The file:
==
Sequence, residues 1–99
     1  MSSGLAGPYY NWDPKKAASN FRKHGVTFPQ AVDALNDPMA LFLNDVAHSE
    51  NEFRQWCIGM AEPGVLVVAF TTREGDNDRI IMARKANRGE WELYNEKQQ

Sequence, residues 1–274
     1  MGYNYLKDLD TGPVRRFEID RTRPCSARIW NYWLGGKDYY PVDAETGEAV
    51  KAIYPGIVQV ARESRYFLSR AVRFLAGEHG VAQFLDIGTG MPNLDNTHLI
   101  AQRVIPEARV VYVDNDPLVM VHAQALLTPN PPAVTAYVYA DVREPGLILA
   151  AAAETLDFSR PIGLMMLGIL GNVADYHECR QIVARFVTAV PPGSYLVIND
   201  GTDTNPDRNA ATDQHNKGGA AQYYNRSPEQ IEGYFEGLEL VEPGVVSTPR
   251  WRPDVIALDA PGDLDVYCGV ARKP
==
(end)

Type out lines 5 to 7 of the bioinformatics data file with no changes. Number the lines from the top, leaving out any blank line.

     1  MGYNYLKDLD TGPVRRFEID RTRPCSARIW NYWLGGKDYY PVDAETGEAV
    51  KAIYPGIVQV ARESRYFLSR AVRFLAGEHG VAQFLDIGTG MPNLDNTHLI
   101  AQRVIPEARV VYVDNDPLVM VHAQALLTPN PPAVTAYVYA DVREPGLILA